The arguments are more complex than might at first be imagined. A taste of the issues is available at http://www.bailii.org/ew/cases/EWCA/Civ/2002/1275.html. Amongst the rather chilling judicial views of the Lord Chief Justice sitting with LJJ Waller and Sedley is:
There is nothing in the Convention setting a ceiling on the level of respect, which a jurisdiction is entitled to extend to personal rights. In this jurisdiction I would not expect a court to necessarily follow the decision of the Commission in Reyntjens v Belgium (1992) 73 DR 136 that:Sedley added
“….. The obligation to carry an identity card and to show it to the police when requested to do so does not as such constitute an interference in a person’s private life within the meaning of Article 8 of the Convention”. (Paragraph 23.)
I would certainly not assume that a comprehensive national DNA database or samples bank, if one were to be lawfully compiled, would constitute an unacceptable invasion of privacy. It would be for Parliament to decide whether the intrusion and surveillance involved in assembling and maintaining such a resource is an acceptable price to pay for its advantages. Certainly the information available to this court suggests that, subject to these considerations, a universal DNA register would be a real and worthwhile gain in the endeavour to ensure that the guilty, and only the guilty, are convicted of crimes. In other words, whether it is the unconvicted population as a whole whose bodily samples are kept or only that section of it which has faced charges, the justification is the same.If the judgement goes against the appellants, as I fear it may, it opens the door for the government to require us not only to carry ID cards with our fingerprints and photograph but our DNA profile recorded on them.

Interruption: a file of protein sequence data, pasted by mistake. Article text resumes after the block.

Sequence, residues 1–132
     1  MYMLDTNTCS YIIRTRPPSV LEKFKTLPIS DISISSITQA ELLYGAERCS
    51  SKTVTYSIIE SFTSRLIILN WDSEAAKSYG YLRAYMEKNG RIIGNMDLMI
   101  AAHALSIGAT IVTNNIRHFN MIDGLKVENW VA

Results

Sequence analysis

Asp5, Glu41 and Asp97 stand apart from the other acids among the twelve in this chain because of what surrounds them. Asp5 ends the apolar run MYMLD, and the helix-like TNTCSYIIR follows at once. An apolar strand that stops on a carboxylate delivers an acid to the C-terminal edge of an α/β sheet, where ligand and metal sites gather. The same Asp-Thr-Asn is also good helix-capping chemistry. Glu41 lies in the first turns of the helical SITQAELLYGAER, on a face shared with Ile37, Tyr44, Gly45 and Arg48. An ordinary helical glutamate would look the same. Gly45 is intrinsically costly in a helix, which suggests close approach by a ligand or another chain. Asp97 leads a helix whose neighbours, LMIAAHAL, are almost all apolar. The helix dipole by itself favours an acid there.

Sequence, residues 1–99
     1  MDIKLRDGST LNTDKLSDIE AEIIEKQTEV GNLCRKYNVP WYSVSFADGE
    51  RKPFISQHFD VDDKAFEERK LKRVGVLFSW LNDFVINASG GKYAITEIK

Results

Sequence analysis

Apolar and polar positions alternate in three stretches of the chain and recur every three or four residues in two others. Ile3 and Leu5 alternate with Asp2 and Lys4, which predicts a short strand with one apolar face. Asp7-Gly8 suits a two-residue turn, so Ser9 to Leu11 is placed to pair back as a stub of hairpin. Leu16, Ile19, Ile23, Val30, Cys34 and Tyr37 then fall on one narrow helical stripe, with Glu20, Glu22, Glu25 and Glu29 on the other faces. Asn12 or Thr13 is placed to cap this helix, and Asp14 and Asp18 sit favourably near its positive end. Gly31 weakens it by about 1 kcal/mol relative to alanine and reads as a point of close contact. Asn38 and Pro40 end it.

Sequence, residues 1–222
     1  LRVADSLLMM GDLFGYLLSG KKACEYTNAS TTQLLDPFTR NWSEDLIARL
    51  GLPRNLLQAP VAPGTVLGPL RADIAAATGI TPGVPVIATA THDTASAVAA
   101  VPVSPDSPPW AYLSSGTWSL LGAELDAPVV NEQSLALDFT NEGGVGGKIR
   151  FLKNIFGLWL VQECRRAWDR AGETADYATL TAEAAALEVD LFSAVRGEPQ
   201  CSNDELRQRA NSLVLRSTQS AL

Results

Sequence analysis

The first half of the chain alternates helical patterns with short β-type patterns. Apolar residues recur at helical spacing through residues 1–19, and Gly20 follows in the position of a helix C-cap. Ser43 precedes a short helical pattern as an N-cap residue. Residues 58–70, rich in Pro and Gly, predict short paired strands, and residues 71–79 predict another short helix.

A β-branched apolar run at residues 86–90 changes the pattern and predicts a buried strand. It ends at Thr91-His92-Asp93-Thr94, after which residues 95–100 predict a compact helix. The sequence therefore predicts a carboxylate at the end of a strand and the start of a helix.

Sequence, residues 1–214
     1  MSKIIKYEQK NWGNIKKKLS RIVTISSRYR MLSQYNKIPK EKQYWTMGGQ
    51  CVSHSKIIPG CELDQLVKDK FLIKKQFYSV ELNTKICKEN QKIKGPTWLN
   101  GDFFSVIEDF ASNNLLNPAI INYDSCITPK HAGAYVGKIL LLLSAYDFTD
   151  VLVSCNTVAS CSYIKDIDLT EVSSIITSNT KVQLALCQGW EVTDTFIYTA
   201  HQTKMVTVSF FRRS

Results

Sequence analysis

A combination of this loathsome and morally bankrupt government with an amoral and corrupt civil service committed to expanding and cementing the power of the State could well bring this to pass. As the global crisis deepens, even the previously unthinkable becomes possible.
The Police have faced a minor check this week over the Damian Green fiasco, and more of our nation are now convinced beyond doubt that the Police, the civil service and the whole apparatus of the central State are in urgent need of reform, but a critical mass has not yet been achieved.
But let's wait and see what today brings.